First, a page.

A Nutria swimming through a Beaver pond on a cold, overcast winter day. In these pictures the Nutria has stopped just next a Beaver lodge.

Wikipedia has this to say about Nutria:

The coypu was first described by Juan Ignacio Molina in 1782 as Mus coypus, a member of the mouse genus. The genus Myocastor, assigned in 1792 by Robert Kerr, is derived from the Greek mys and kastor, or “mouse-beaver”. Geoffroy, independently of Kerr, named the species Myopotamus coypus, and it is occasionally referred to by this name.

Four subspecies are generally recognized:

  • M. c. bonariensis: northern Argentina, Bolivia, Paraguay, Uruguay, southern Brazil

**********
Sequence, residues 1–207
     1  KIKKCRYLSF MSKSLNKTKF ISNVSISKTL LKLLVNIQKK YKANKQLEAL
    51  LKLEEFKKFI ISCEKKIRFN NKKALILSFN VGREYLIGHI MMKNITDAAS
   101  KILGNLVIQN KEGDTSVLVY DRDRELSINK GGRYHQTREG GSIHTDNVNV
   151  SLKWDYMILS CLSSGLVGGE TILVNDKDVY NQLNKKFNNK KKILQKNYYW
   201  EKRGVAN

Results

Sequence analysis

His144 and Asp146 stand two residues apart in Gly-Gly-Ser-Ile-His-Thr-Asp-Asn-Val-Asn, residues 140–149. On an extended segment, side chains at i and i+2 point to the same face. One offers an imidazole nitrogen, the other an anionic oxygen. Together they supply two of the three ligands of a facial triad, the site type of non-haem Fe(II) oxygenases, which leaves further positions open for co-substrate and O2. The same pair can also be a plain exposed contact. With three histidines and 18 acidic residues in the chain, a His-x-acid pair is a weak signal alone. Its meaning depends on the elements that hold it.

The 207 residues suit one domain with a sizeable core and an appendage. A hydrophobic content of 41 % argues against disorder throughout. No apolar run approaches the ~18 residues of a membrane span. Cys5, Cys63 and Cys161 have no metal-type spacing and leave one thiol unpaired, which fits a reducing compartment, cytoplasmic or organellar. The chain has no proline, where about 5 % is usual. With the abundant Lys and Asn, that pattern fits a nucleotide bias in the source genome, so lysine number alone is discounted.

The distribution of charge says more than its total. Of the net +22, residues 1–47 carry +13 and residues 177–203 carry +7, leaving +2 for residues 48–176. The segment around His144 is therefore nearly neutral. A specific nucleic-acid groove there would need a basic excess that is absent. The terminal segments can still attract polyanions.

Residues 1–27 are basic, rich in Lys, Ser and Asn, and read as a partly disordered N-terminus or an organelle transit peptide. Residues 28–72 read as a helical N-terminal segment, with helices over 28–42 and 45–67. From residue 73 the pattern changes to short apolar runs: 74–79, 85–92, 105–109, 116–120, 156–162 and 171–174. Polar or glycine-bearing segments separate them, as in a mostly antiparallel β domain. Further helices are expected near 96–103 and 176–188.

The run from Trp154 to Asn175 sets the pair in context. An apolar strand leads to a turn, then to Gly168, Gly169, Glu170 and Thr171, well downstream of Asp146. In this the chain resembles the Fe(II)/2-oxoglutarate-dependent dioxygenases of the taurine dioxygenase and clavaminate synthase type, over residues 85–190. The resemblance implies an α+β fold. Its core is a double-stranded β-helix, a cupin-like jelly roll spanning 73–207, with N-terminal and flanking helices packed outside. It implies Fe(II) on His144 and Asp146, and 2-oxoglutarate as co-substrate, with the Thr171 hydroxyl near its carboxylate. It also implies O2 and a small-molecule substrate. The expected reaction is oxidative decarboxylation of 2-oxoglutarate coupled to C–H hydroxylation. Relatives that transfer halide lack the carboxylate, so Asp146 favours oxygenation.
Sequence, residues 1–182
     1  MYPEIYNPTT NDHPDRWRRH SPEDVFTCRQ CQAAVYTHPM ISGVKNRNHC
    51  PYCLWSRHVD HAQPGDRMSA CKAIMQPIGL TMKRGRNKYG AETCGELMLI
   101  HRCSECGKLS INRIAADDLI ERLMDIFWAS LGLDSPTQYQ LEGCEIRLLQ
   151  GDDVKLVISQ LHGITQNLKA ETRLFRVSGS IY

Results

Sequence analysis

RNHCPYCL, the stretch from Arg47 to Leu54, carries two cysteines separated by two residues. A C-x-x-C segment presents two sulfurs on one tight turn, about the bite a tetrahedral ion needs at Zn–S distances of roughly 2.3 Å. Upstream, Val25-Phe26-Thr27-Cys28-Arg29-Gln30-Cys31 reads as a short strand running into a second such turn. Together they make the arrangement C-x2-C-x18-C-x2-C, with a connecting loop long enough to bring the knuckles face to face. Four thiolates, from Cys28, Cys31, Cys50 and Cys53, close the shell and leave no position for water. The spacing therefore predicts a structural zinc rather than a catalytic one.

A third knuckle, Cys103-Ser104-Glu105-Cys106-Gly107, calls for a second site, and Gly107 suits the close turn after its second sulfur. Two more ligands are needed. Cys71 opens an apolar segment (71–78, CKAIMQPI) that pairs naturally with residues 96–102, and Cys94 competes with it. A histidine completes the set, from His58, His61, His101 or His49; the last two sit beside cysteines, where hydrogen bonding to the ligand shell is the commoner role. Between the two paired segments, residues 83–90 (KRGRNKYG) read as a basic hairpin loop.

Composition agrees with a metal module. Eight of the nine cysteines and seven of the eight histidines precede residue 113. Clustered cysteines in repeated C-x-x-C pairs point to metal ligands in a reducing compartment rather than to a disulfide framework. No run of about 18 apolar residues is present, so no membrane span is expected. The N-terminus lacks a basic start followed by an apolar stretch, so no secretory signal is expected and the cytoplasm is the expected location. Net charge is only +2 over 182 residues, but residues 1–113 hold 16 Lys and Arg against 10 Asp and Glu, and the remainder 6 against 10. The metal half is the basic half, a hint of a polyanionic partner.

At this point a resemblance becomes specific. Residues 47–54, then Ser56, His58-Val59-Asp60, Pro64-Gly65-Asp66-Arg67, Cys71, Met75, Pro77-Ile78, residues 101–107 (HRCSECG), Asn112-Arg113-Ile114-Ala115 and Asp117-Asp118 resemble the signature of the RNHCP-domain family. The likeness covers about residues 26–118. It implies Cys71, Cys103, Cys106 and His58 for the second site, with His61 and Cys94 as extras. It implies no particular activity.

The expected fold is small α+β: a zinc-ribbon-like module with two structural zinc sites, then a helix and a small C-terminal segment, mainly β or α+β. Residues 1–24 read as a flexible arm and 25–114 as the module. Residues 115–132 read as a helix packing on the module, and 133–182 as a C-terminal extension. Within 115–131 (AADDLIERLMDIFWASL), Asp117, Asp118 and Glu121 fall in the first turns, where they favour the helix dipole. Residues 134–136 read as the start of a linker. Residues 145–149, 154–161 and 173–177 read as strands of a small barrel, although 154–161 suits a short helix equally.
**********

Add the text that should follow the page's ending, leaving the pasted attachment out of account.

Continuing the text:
• M. c. coypus: central Chile, Bolivia
  • M. c. melanops: Chilo√© Island
  • M. c. santacruzae: Patagonia

M. c. bonariensis, the subspecies present in the northernmost (subtropical) part of the coypu’s range, is believed to be the type of coypu most commonly introduced to other continents.

Nutria - In a Beaver Pond

Nutria - In a Beaver Pond

Nutria - In a Beaver Pond

Nutria - In a Beaver Pond